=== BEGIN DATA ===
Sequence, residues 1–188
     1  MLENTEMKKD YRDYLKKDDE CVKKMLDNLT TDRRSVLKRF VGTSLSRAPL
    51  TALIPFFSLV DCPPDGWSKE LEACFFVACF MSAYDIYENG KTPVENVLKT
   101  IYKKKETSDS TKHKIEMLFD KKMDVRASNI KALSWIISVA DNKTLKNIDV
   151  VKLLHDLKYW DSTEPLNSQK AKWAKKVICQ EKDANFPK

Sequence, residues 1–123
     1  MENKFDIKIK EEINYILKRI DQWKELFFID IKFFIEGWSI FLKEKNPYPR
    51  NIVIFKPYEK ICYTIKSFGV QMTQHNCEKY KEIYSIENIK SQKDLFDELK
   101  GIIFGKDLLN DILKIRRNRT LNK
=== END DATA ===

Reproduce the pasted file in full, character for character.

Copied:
Sequence, residues 1–188
     1  MLENTEMKKD YRDYLKKDDE CVKKMLDNLT TDRRSVLKRF VGTSLSRAPL
    51  TALIPFFSLV DCPPDGWSKE LEACFFVACF MSAYDIYENG KTPVENVLKT
   101  IYKKKETSDS TKHKIEMLFD KKMDVRASNI KALSWIISVA DNKTLKNIDV
   151  VKLLHDLKYW DSTEPLNSQK AKWAKKVICQ EKDANFPK

Sequence, residues 1–123
     1  MENKFDIKIK EEINYILKRI DQWKELFFID IKFFIEGWSI FLKEKNPYPR
    51  NIVIFKPYEK ICYTIKSFGV QMTQHNCEKY KEIYSIENIK SQKDLFDELK
   101  GIIFGKDLLN DILKIRRNRT LNK